black head and throat and need careful identification.
Birds permit a close approach, but usually run with quick st
rides ahead of an observer for some distance along the beach. Wh
the birds decide they have gone far_ enough they rise in flight
over the sea and quickly return to where they were first disturbe.
I have seen them on most south coast areas when patrolling from
Uiladlilla southwards, but only an a few occasions have I found the
nest. The total State population would be, however, small and
careful protection of this interesting bird is needed.
Lrnold R. McGill, NS
My earliest recollections of the Red- capped Dotterel date
back to the year 1937. In those far off days the back -waters of
Iron Cove Bay still retained stands of. mangroves, muddy water
channels and at low tide, fairly eXtensive sand and mud flats.
While homeward bound late one winter’s afternoon from a
swampside ramble. I noticed in the fading light and some little
distance out in the swamp, a small party of waders.
Despite the fact that I did not possess field -glasses, I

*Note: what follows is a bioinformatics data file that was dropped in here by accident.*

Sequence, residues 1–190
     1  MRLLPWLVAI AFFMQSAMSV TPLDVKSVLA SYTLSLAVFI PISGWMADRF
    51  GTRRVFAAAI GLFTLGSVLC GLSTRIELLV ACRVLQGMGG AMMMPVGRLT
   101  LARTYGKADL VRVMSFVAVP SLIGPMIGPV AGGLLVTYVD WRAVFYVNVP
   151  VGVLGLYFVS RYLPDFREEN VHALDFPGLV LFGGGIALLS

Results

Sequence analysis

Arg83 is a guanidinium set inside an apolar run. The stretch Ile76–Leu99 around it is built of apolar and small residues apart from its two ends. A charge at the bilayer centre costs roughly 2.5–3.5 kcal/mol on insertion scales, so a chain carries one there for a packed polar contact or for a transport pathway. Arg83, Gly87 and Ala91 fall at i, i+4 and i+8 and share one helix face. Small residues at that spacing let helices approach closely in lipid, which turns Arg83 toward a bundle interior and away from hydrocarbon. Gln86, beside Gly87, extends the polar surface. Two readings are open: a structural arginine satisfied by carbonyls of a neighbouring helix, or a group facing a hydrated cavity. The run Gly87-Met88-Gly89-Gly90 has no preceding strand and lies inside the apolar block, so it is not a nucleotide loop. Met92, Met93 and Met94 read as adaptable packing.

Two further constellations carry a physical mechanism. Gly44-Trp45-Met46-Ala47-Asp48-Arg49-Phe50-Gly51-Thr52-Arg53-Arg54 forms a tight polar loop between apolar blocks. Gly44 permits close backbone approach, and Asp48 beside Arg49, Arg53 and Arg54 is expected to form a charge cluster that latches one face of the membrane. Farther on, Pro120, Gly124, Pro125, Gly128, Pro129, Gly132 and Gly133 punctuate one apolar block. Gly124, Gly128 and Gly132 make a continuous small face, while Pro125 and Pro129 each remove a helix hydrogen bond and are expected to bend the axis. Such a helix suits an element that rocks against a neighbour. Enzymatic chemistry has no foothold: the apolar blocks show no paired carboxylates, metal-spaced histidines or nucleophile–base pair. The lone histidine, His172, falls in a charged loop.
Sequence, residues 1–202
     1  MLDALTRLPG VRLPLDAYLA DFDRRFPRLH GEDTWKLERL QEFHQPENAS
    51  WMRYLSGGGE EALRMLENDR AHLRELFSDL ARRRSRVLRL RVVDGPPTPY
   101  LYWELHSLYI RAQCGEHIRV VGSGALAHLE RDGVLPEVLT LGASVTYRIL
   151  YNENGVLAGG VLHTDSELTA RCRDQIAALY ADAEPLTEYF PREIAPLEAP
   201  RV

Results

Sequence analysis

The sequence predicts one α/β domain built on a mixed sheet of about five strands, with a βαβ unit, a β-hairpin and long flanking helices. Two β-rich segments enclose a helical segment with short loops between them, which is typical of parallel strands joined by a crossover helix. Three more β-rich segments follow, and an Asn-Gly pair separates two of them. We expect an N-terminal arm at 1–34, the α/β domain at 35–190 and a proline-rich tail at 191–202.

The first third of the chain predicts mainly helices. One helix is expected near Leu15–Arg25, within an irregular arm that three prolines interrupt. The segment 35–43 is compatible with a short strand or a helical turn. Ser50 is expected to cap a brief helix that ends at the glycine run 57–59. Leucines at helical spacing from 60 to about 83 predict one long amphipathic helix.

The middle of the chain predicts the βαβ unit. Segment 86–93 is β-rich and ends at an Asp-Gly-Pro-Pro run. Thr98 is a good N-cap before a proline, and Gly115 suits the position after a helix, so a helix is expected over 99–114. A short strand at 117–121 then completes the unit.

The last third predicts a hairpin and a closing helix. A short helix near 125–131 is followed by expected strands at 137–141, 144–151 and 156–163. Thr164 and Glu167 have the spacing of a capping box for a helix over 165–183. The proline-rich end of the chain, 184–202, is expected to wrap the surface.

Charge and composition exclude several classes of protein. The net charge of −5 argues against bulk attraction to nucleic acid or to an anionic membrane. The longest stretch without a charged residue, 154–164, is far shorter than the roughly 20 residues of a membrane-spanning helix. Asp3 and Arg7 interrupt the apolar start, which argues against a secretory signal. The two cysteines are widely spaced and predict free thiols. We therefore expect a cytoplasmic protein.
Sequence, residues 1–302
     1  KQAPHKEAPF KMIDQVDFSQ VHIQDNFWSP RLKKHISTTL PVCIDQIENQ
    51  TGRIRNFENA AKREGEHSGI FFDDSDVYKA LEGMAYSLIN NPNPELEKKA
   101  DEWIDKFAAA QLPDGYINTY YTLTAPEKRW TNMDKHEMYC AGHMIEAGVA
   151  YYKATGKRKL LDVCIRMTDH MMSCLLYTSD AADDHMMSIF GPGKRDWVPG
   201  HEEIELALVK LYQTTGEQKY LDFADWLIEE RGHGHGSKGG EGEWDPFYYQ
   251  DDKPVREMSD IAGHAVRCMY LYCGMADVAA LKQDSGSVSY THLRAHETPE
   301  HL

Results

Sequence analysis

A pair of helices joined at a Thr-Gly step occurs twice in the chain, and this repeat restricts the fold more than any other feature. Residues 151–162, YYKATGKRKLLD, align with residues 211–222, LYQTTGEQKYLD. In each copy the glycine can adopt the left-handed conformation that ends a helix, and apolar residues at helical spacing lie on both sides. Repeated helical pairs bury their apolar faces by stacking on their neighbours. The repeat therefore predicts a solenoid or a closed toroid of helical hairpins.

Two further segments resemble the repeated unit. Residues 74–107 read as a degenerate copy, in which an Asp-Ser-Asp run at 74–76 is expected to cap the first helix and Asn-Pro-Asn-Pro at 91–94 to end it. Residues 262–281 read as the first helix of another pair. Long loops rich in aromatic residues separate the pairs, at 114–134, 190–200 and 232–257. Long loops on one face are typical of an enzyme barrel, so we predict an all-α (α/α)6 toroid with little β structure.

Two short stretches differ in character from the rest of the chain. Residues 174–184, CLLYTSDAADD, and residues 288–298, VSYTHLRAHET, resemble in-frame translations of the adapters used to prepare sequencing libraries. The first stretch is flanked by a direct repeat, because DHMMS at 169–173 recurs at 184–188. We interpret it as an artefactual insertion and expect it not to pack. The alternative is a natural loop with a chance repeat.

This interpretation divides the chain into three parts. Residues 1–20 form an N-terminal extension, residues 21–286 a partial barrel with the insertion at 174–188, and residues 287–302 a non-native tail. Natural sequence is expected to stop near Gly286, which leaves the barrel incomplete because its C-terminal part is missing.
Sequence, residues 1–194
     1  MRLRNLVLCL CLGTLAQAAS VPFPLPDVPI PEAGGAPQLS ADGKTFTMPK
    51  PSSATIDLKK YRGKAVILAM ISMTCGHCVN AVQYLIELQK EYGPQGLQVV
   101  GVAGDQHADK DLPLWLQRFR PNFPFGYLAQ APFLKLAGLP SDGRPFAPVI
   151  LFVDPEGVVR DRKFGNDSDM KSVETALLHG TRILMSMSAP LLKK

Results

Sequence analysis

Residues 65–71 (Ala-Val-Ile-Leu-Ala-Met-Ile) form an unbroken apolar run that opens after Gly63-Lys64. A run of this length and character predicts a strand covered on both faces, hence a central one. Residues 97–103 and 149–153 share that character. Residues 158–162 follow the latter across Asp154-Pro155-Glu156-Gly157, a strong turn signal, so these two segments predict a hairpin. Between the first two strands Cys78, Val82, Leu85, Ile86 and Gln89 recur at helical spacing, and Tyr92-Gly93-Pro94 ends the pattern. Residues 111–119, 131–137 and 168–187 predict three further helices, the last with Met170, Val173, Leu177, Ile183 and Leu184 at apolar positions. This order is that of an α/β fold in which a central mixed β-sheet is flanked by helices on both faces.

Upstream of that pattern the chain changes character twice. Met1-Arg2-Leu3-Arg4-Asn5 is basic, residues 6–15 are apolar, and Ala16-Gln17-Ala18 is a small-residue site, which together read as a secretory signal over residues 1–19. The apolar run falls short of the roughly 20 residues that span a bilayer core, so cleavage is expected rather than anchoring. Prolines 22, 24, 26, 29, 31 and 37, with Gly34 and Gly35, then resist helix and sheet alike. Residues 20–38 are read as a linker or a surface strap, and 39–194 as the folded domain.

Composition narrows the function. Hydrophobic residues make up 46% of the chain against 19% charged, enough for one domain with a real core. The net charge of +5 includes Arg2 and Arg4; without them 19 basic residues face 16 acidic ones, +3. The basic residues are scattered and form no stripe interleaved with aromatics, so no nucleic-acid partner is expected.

managed to write down in my note -book an “on the spot”, descript-
ion of the birds and observed in doing so, th,126 some were more
brightly marked about the head and face than were others in the
group. During my next visit to the bird gallery in the Australi
an Museum, the only reference “bird book” to which I had access
in those days, I eventually managed to locate some mounted speci-
mens in one of the glass cases, which anSnered very well indeed
to my field notes and 1 found my little plovers to be Re&-capped
Dotterels.BIRDS, . – 30 – January, 1, 1969.
Not very long after the above mentioned episode, the man –
‘trove swamps of Iron Cove Bay were totally destroyed in the name
civic progress and the complete area reclaimed.
Llthough White -fronted Chats, Little Grassbirds and Brown
Honeyeaters were forced to abandon the area and seek other suit-
able habitats further along the Parramatta River, conditions were
made ideal for Red -capped Dotterels. Lreas that were formally
mangrove, samphire and mud were converted into quite extensive
flats of white sand and shingle, dredged up from the bottom of th
adjoining bay. The dotterel population began to increase and it
was not long before they began to nest in the reclaimed areas.